If at first you don’t succeed, try, try, and try again…
Much happier with the feel of this one so far – I took my time and have kept my touch lighter but more controlled, and already the flower looks altogether more delicate and three-dimensional than in my previous attempt.
Letting it dry thoroughly now before adding any detail, but I think I’ll probably keep it reasonably minimalist all the way through… 🙂
I think I got so excited at the idea of actually putting paint to paper again the other day I pretty much just took a deep breath, threw caution to the wind and plunged straight in at the deep end without really thinking through what I was doing. I suppose it was a necessary leap of faith for me to prove to myself I could still do it, and it was definitely a success in the sense that I didn’t drown, even if things didn’t all go swimmingly on my first attempt. It’s fair to say that the painted flower representation I ended up with was not at all the image I had envisaged emerging from the paper.
But nevertheless I learned a lot – or perhaps I should say remembered a lot – from completing that one little trial-and-error flower painting. I had forgotten how unforgiving watercolour paint can be if you don’t use it correctly. How important it is to get the particular balance of water and pigment just right for whatever specific technique you are using at any given point, and just how crucial your timing has to be when blending your paint. You either have to work each small section immediately before it starts to dry, or let it dry out completely before adding another layer on top .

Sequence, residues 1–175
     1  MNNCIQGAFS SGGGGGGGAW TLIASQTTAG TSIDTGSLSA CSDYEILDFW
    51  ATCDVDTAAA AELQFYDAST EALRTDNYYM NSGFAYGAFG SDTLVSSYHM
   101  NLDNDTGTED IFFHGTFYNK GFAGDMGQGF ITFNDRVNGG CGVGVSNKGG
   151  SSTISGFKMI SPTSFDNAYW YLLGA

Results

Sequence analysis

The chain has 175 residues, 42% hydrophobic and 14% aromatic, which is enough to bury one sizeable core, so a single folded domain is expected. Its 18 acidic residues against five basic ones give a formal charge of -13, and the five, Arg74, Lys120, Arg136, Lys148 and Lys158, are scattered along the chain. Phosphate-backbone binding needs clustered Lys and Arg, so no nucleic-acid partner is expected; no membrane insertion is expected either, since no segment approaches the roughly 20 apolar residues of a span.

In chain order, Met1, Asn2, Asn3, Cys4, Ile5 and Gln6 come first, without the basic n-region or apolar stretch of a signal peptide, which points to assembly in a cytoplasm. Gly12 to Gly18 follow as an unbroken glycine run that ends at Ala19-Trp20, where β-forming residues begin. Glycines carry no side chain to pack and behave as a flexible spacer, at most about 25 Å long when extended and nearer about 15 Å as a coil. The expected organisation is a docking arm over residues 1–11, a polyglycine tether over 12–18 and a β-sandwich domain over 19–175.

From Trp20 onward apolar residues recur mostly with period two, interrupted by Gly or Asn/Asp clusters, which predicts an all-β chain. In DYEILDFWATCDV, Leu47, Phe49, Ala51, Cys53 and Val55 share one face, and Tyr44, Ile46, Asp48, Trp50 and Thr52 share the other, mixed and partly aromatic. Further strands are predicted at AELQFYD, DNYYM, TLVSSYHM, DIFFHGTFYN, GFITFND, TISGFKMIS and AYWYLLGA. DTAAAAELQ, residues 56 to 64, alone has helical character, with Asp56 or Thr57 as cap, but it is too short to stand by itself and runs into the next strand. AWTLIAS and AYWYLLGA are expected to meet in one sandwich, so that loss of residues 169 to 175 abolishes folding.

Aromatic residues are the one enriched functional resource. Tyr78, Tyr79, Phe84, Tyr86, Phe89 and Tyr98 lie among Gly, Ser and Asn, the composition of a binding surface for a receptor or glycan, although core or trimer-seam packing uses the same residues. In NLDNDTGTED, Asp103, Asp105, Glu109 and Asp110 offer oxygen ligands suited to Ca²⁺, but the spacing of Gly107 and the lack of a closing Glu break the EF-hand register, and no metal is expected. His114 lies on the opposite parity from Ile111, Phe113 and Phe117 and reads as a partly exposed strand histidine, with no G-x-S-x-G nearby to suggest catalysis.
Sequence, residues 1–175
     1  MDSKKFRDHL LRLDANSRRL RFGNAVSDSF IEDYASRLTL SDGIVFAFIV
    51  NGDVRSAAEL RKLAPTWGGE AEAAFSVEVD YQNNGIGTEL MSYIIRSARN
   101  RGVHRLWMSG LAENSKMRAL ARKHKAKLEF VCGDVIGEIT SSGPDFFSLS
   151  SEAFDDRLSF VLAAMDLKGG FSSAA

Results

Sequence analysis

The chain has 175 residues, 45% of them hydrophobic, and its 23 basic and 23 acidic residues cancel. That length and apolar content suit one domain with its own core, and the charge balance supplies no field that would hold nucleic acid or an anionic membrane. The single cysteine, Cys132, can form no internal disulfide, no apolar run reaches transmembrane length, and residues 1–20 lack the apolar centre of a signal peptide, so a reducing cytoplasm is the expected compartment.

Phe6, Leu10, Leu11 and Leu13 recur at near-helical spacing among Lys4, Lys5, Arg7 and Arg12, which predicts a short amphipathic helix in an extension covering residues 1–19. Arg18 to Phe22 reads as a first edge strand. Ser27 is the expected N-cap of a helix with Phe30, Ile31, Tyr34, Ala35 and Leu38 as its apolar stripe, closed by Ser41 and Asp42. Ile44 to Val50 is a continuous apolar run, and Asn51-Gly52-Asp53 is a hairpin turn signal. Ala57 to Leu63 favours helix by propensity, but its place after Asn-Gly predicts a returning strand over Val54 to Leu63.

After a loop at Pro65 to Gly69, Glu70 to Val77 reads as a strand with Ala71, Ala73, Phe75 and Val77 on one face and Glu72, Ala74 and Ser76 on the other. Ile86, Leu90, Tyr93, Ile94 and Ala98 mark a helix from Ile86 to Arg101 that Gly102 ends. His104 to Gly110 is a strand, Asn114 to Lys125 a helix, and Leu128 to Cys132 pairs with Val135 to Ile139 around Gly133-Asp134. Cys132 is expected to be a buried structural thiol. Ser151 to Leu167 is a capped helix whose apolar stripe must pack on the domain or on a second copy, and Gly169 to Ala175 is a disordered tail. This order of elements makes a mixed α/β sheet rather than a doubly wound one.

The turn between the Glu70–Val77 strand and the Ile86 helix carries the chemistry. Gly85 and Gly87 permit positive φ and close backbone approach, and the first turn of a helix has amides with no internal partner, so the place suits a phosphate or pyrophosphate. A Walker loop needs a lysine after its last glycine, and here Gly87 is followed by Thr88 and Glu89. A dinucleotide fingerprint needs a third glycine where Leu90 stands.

I can see in my first little flower painting I was way too enthusiastic with the initial amount of pigment I used, and way too impatient to wait for what I had already put on the paper to dry thoroughly before adding even more paint. My unintentionally heavy-handed and rushed approach meant that what I ended up with was far too solid-looking, with flat muddy colours and absolutely no luminosity whatsoever. So while I’m pleased with it in the sense that I actually painted something after all these years, at the same time I feel frustrated and disappointed at how many basic mistakes I made.
So today I’m going back to basics and starting again with the same flower shape and the same brush on the same size paper, but this time I’m going to apply far less paint and far more patience, and see just how much I can improve on my initial attempt.
Watch this space for watercolour dog-rose take two…! 🙂
This week’s photo challenge prompt from the guys at the Daily Post is ‘Ooh, Shiny!‘ and relates to those diversions, distractions and delightful detours that capture our attention and never fail to sidetrack us from whatever we’re doing…
For me, there’s no rhyme nor reason to what catches my eye when I’m out and about. Take today, for example. My husband and I had an appointment in central London this afternoon, so decided to make a day of it and spend the whole day out together.